Knowing the Right Things to Say on a 911 Call

By: Deon Guillory Email
By: Deon Guillory Email

HARRISONBURG -- Emergencies happen in an instant, and knowing the right things to do can allow help to come faster. Using a cellphone correctly can be the difference between life and death.

The cellphone is a way of life for many people and because of that, more people are hanging up the traditional landline.

Brittnay Bates is a mother of two who doesn't have a landline anymore.

"It's so much cheaper just to do a cellphone and call anywhere. So that's what we do. We don't have a landline anymore."

According to the there are more than 91-million smartphones in the United States. Wireless phones represent more than 70 percent of the 911 calls received by the Harrisonburg-Rockingham Emergency Communications Center. This prompted ECC leaders to start a campaign called “Help Us Find You.”

"Just educating the public on the basics of what we need to know, when you're calling in emergency situations," said Chad Siver, a supervisor at the Harrisonburg/Rockingham ECC.

Siver says there is a lot that most people don't know about making emergency phone calls.

“It's a misconception that, if you call from your cellphone that we know exactly where you are."

Calling 911 from a cellphone does not give emergency responders all the information they need. From a landline, they get your exact address, but from a wireless phone, all they get is the latitude and longitude. Knowing your location in this instance is very important.

"It all comes down to simply planning and training."

At an event at the Valley Mall, ECC workers explained the truth about calling 911 from a wireless phone.

They recommended for callers to know their surroundings, be prepared to give the exact location where help is needed, remain calm and answer all of the questions asked by the call taker. Help will be sent to the location the caller provides.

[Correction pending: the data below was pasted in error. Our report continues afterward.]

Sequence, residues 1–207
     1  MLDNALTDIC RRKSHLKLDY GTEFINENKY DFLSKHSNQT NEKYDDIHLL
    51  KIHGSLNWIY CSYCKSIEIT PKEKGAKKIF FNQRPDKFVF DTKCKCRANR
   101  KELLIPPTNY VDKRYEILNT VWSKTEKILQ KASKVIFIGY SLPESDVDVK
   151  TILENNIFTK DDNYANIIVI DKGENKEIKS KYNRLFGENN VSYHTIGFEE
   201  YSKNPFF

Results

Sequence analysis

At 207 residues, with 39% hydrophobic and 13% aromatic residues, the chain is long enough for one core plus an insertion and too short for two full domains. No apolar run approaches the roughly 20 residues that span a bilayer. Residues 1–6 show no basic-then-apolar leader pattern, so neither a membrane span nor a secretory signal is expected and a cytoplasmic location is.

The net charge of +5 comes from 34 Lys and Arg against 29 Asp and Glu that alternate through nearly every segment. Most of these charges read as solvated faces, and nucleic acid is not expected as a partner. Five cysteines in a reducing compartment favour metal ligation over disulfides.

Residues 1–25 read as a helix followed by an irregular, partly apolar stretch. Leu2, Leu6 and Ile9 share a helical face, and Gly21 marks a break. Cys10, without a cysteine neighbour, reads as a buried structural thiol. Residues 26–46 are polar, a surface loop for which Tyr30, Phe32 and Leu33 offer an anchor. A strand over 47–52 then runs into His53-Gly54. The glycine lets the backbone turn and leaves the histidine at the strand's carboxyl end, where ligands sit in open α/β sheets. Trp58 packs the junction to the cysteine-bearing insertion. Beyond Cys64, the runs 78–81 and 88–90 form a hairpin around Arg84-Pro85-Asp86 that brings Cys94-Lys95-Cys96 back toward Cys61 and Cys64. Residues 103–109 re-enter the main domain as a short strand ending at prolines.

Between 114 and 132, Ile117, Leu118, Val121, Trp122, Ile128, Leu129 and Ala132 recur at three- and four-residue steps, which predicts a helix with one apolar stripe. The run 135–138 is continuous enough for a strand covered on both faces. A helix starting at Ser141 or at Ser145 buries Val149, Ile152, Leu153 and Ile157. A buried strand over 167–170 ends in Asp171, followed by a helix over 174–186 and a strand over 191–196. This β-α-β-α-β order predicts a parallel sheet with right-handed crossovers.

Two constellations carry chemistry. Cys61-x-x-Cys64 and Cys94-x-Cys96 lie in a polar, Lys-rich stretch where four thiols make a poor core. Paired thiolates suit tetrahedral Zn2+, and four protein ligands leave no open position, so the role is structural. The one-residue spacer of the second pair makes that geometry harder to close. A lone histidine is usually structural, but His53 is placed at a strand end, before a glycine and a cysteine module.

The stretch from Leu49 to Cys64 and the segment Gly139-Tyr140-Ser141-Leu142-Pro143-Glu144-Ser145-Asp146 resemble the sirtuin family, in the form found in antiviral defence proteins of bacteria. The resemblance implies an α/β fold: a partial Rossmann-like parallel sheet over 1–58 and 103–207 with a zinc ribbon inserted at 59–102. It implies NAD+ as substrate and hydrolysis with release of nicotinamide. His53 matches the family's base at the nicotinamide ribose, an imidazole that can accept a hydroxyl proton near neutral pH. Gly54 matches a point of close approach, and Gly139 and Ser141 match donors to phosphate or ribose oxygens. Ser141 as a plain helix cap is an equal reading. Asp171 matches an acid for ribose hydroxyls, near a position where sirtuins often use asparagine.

Bates hasn't taught her two little boys a lot about 911, but her oldest son knows what it's for.

"He knows how to dial it. He knows how to get it on my cellphone and everything, but we haven't practiced it or anything like that," said Bates.

At an annual “Touch a Truck” event, kids learned how to use 911 in an emergency.

Taysia, a 7 year old at the event, said she didn't know how to use 911, but she knew one of the purposes of making the call.

“To call the police," said Taysia.

Another child at the event, 5-year-old Dimytri, said he knew how to use 911, what it's for and what information he needed to tell ECC operators.

"As much training as we do, I feel as if, parents need to educate their kids. Not only one time, but continuous training on phones," said Siver.

Bates agreed teaching her boys about 911 is important.

"'Cause you hear stories about kids who do that and save their parent's life or something happens at the babysitter's and they have to dial 911, so yes, I definitely think it's important, but also teaching them responsibility with how to do it," said Bates.

Even without service, a person can still dial 911 from a cellphone. That caller just needs to be aware of his or her surroundings so he or she can give the call taker an accurate location.


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